Although New York is definitely not the book wonderland that it once was, it still has quite a few places for the hard-core bibliophile to curl up, search the stacks, and find a great book at a great price.
However, as a cheapskate and recovering bookaholic, I tend to check out books from the library first, choosing only to buy the ones that I really, really need. By following this method, I've managed to cut down my yearly book purchases to only a few dozen volumes; by my standards, this is just a small fix, a little something to get me through.
This, by the way, is the bibliomaniac version of methadone treatment.
At any rate, I currently have a list of five or six books that I really, really need. A couple of weeks ago, I took a trip to a few of my favorite bookstores to check out their prices on used copies, only to find that the stores were charging pretty high prices. Later, I searched my favorite internet used book sites, ABEbooks and Half.com, where I found the books at steep discounts. I added up the books on ABE, hit the "total" button and watched as the price almost doubled. I'd forgotten about postage.
As the price of gas has risen, so has the cost of moving items from point A to point B. While most carriers, such as DHL, UPS, and FedEx haven't officially raised their rates, they add a flexible surcharge to the price of a shipment. This surcharge, which covers the cost of gas, has gone up precipitously over the past few months. For example, in late 2007, UPS was charging a 4.75% surcharge. They're currently tacking on an 8.5% surcharge. According to a recent PayPal survey, 43% of consumers who change their minds at checkout do so because of the high cost of shipping.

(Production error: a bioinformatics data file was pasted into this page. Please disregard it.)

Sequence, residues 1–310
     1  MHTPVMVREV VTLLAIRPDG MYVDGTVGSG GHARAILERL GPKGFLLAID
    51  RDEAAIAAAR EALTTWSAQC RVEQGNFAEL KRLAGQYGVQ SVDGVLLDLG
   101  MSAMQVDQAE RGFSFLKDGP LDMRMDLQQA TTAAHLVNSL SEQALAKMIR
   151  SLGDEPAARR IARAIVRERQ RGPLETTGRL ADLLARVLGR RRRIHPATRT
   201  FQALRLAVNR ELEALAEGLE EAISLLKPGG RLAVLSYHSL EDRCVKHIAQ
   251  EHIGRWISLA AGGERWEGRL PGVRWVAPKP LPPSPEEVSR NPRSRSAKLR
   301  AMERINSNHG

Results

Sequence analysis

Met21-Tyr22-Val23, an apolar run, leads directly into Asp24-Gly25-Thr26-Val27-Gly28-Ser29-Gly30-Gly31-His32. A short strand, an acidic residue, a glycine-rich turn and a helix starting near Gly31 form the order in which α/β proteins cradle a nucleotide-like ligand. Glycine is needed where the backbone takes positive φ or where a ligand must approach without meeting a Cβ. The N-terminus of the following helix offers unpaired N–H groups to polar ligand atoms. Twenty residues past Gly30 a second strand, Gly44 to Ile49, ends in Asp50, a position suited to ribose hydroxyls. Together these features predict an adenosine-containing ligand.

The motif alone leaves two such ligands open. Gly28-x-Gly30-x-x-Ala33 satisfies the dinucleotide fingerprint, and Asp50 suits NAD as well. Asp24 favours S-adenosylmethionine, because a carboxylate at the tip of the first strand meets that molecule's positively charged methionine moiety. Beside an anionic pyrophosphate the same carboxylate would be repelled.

What can you do about this? Well, the first option you have is the good old US Postal Service. Although it raised itsrates about a month ago, the USPS still generally represents the best bargain in small-package shipping, particularly if you don't mind waiting in line!
Another option is to order multiple items from the same seller. Admittedly, this isn't as helpful on sites like ABEbooks and Half.com, where the sellers tend to have a small, diverse collection of items. However, on eBay, Amazon, and other sites, many sellers are willing to package items together to reduce shipping costs, or even drop shipping costs if your purchase is sufficiently expensive. Another option that Amazon offers is "Amazon Prime," which allows a user to get unlimited shipping for an annual fee. If you regularly use Amazon, this can end up being a great bargain.
Finally, one last option is actually getting off your butt and going to a store. After I compared the shipping-adjusted prices of my books, only one of them was still cheaper on the internet. All the others were less expensive at the real-life bookstore!
Bruce Watson is a freelance writer, blogger, and all-around cheapskate. He's kicked cigarettes, Mickey D's, and his pizza addiction. Books, however, he'll take to the grave.
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